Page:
November 18, 2022
Real Estate News
Toronto City Council has taken some major strides to advance
its goals for affordable housing, including expanding the third phase of its
Housing Now program, created to bolster affordable rental housing on City-owned
sites. Per a Council decision from 2021, Phase Three now includes sites
at 2700 Eglinton Avenue West, 40
Bushby Drive, 4040 Lawrence Avenue East, and East
Bayfront (also known as Block R6). The four additional sites are estimated
to add between 1,150 and 1,400 new homes to the city, and between 450 and 600
units are slated to be affordable rentals.
The same City Council Decision that greenlit the expansion of Housing Now saw the approval of six future sites for the initiative. According to a news release from the City, early approval of these pipeline sites “will allow the City to undertake early due diligence work on these sites and more quickly develop them in future phases of the Housing Now Initiative to deliver even more market and affordable homes.”
These are big moves for Housing Now. Since its launch in 2019, the program has seen no shortage of setbacks and delays. Midway through 2021, the first sites under the initiative were falling anywhere from nine months to two years behind schedule.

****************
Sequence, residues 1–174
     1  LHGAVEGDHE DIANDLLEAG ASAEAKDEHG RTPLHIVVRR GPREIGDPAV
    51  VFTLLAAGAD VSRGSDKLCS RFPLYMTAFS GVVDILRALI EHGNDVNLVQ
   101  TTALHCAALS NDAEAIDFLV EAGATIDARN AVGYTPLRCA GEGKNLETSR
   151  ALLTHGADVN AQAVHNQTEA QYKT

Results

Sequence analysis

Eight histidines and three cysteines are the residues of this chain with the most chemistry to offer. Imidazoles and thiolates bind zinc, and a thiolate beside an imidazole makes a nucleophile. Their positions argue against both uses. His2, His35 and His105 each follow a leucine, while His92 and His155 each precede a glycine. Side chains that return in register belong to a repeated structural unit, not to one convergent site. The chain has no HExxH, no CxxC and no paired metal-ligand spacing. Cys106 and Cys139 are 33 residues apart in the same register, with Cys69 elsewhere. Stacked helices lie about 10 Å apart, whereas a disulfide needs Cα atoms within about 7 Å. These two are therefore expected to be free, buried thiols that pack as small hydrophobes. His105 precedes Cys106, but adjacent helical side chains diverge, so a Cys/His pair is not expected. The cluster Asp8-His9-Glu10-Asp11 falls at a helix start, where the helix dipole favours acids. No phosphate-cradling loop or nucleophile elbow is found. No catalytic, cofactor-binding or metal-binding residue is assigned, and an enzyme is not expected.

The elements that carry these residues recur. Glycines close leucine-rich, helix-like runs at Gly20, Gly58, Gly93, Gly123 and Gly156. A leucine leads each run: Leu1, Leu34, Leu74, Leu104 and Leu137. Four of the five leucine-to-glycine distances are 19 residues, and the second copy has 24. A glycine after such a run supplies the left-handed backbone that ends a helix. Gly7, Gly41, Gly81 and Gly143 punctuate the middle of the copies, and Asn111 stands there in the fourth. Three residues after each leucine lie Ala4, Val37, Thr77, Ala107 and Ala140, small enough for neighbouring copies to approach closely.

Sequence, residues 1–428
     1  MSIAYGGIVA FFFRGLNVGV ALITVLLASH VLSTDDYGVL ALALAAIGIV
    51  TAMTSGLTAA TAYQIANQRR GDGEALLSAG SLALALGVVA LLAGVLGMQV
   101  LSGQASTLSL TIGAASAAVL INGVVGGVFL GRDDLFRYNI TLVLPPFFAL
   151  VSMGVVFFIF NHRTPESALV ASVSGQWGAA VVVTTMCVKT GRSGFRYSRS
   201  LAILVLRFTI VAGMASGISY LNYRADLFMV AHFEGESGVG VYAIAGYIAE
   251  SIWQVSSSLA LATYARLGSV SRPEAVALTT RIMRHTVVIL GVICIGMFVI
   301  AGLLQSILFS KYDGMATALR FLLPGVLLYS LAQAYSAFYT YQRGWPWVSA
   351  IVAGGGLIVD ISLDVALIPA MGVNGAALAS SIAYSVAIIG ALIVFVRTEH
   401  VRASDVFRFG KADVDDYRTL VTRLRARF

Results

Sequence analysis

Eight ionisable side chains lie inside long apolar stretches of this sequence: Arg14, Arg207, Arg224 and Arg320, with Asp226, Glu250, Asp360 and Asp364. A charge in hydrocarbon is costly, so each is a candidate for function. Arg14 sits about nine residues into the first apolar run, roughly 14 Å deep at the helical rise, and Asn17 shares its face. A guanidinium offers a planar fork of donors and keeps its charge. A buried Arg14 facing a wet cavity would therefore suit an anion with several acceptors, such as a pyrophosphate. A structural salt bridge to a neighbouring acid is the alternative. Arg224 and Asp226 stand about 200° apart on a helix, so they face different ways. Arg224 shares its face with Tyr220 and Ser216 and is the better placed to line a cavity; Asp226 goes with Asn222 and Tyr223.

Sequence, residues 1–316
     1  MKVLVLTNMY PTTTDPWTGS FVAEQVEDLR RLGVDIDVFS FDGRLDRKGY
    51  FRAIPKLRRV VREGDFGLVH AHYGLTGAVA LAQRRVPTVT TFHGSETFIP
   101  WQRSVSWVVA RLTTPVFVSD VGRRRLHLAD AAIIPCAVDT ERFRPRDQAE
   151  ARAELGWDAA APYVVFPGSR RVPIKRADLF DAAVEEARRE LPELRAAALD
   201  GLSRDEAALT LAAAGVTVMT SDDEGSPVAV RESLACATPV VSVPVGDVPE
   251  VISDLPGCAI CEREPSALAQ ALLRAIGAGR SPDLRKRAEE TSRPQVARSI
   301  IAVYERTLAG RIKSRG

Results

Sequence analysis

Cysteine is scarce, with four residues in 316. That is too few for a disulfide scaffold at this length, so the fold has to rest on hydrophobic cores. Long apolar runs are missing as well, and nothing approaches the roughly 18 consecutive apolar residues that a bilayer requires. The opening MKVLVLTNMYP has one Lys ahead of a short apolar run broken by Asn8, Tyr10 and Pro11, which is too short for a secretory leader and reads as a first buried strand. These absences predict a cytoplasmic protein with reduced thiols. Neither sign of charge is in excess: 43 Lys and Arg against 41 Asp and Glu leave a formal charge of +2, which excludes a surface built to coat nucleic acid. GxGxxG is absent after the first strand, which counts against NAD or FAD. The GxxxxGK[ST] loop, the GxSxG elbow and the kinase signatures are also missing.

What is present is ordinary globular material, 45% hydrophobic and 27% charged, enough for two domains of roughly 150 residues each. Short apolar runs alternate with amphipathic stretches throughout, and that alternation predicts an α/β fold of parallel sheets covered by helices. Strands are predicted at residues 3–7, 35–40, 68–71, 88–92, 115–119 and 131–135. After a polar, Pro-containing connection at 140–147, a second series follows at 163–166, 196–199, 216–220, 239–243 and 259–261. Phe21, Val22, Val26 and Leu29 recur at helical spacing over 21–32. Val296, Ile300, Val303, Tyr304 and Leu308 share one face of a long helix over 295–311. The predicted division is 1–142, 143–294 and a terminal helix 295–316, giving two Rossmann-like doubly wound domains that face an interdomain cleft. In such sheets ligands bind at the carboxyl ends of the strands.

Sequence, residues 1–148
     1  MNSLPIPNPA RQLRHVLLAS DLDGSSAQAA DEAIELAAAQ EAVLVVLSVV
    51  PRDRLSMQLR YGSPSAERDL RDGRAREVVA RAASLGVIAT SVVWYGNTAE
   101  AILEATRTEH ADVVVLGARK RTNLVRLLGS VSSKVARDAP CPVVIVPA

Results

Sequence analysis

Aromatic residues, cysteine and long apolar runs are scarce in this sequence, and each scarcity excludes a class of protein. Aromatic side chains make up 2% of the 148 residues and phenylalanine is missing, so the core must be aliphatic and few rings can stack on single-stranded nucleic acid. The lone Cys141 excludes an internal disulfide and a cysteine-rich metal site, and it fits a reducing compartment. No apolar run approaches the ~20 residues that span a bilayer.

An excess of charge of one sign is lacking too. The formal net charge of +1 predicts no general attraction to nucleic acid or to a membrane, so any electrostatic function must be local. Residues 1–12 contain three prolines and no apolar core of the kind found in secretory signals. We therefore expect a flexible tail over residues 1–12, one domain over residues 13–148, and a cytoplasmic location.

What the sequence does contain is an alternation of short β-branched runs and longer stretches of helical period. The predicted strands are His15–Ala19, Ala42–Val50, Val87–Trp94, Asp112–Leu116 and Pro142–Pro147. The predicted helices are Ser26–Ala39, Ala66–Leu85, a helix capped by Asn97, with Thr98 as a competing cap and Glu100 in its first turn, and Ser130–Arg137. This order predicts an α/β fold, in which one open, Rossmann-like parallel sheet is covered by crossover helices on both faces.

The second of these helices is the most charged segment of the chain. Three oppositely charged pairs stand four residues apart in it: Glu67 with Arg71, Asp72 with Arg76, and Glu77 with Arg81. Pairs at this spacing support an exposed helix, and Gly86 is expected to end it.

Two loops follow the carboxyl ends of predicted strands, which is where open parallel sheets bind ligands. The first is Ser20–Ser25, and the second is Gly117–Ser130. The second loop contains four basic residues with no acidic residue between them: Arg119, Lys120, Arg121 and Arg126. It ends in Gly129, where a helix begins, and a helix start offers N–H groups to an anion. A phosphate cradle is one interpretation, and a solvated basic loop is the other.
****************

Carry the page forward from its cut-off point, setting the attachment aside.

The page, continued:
Meanwhile, demand for rental housing in Toronto is through the roof. As such, the original residential targets for Housing Now have been exceeded. An estimated 13,479 new homes are currently slated under the initiative, including 3,037 ownership homes and 10,142 purpose-built rental homes, 5,005 of which will be affordable.
To address the need for more housing and the mounting challenges of affordability, the City has also introduced a number of other programs and initiatives to support affordable housing development.
This includes the introduction of the Multi-Unit Residential Acquisition (MURA) Program. Through MURA, qualified non-profit and Indigenous housing groups will be able to access grant funding and Open Door Program incentives to assist in the purchase and renovation of existing market rental properties. The City has also expanded its definition of “affordable housing.” Under this modification, the definition will be tied to income rather than market rents, reducing rent limits for studio and one-, two-, and three-bedroom units. Finally, the City has announced the launch of a new Inclusionary Zoning (IZ) policy framework, which will require certain new developments in the city to include affordable housing units.
“These are the types of initiatives that we need to move forward with so that Toronto continues to grow as the vibrant and inclusive city that we call home,” said Mayor John Tory of the recent developments. “This is important action on the housing file that will translate very quickly to more shovels in the ground across the city. And those shovels will build thousands of new places for working young people and working families to call home.”
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